An assessment of the pilot program was conducted in December of 2005, which included the voice-enabled applications. Wake Forest distributed a survey to the mobile computing pilot program participants at the end of the Fall semester from which it received 73 student responses. University staff members Anne Bishop (director of research and development) and Jay Dominick (assistant vice president for informational systems and CIO) interviewed approximately 20 students to get their opinions on the actual device and on personal preferences for the applications and software, as well as how each student was able to use the handheld device on campus. Feedback from surveys and personal interviews indicated that students found the applications useful and "cool." The "coolness" factor was especially important to the university because they see it as a way to capture the attention of students and entice them to use the application more frequently. The university is not sure how much the devices were actually used because they didn't roll them out until after the initial training periods. So the number of students actively trained on devices was about 50 percent. However, being able to demonstrate the usefulness of the devices and, therefore, increase the usability of small devices with even smaller screens and keyboards was a key benefit of the application that met Wake Forest's goals. With speech, students can see that the handheld devices offer more functionality than just the basics: phone, email and calendar access. The university also sees increased opportunities for visually-impaired students than could previously be offered without speech technologies.
The pilot program's short duration has limited the university's measurements, but so far it has seen only a couple of drawbacks with speech. For instance, Dominick observed that people seem jaded by speech recognition because of the difficulty of using the technology in the past and the limited success, which he deems a short-term problem because the technologies are rapidly improving. The other drawback that Dominick mentioned was that the handheld devices are still slightly underpowered to run this kind of technology - it takes up a lot of resources in the device. He suggested that the device manufacturers would be forced to scale the handheld's storage capacities as more technologies continued to inundate the device and that within the next few cycles of design and development it would no longer be an issue. Regardless of these issues, Wake Forest plans to expand the program to include more students in the Fall semester of 2006, providing a larger test environment. The laundry application is set to roll out campus-wide. Wake Forest is also looking to add WebSphere to speech-enable its On Campus Directory. The university plans to enable that piece of software on one of its servers with additional speech commands by placing the WebSphere application on the Wake Forest Web site. Anyone with a NetFront browser on his/her handheld will be able to get to the Web portal and interact via voice commands. While it is slated as one of the next projects for Wake Forest, the university does not have a timeline for the roll out. The university doesn't have any further plans in place, but it is in discussions with IBM about the possibility of speech-enabling RSS feeds, other information (i.e. - Web pages) and other news links to create a type of "TTS podcast." The university also plans to use feedback from students to discover other possible areas where speech can be used.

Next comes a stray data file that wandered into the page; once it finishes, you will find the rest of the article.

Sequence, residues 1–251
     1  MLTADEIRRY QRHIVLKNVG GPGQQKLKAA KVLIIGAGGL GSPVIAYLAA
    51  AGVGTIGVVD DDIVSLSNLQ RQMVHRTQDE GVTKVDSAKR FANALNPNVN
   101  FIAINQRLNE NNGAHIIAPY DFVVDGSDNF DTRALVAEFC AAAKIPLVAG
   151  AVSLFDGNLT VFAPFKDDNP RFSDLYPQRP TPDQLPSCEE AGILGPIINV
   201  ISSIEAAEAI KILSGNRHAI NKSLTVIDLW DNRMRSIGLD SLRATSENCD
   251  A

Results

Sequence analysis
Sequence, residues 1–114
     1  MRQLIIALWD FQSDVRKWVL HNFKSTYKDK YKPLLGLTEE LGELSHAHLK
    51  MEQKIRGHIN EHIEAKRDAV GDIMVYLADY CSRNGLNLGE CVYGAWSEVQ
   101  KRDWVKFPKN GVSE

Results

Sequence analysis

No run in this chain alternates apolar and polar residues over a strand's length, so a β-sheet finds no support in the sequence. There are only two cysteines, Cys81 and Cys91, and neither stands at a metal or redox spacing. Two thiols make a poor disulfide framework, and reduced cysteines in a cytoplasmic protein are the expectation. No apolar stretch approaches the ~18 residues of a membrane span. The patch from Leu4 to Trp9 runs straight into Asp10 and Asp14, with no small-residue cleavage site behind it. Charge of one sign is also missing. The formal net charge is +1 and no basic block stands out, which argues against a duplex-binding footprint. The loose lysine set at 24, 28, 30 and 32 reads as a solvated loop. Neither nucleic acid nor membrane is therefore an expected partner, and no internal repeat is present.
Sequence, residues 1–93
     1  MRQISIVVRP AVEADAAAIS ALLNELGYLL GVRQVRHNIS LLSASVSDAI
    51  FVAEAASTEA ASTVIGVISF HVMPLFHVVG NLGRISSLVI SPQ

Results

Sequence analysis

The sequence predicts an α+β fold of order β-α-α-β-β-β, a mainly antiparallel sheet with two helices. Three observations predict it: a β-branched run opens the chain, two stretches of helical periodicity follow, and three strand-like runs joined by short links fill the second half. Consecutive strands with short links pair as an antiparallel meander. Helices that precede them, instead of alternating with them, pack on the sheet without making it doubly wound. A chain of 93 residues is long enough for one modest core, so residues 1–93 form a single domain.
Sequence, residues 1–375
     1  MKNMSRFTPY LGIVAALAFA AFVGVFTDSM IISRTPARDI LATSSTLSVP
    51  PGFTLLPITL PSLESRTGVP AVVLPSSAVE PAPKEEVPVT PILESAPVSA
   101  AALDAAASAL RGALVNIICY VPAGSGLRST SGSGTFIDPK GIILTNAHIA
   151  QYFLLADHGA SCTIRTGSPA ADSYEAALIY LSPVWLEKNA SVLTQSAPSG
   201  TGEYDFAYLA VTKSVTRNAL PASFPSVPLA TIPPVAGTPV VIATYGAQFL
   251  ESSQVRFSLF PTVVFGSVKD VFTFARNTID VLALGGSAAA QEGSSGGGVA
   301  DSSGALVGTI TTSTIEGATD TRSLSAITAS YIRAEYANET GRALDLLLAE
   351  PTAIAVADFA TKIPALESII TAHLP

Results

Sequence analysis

Dominick concluded, "Voice is the right way to interact with these devices. I think in five, six, seven years this technology is going to be executed well enough and natural enough that we will wonder why we haven't done this forever."
Stephanie Owens is the associate editor for Speech Technology Magazine. She can be reached at firstname.lastname@example.org.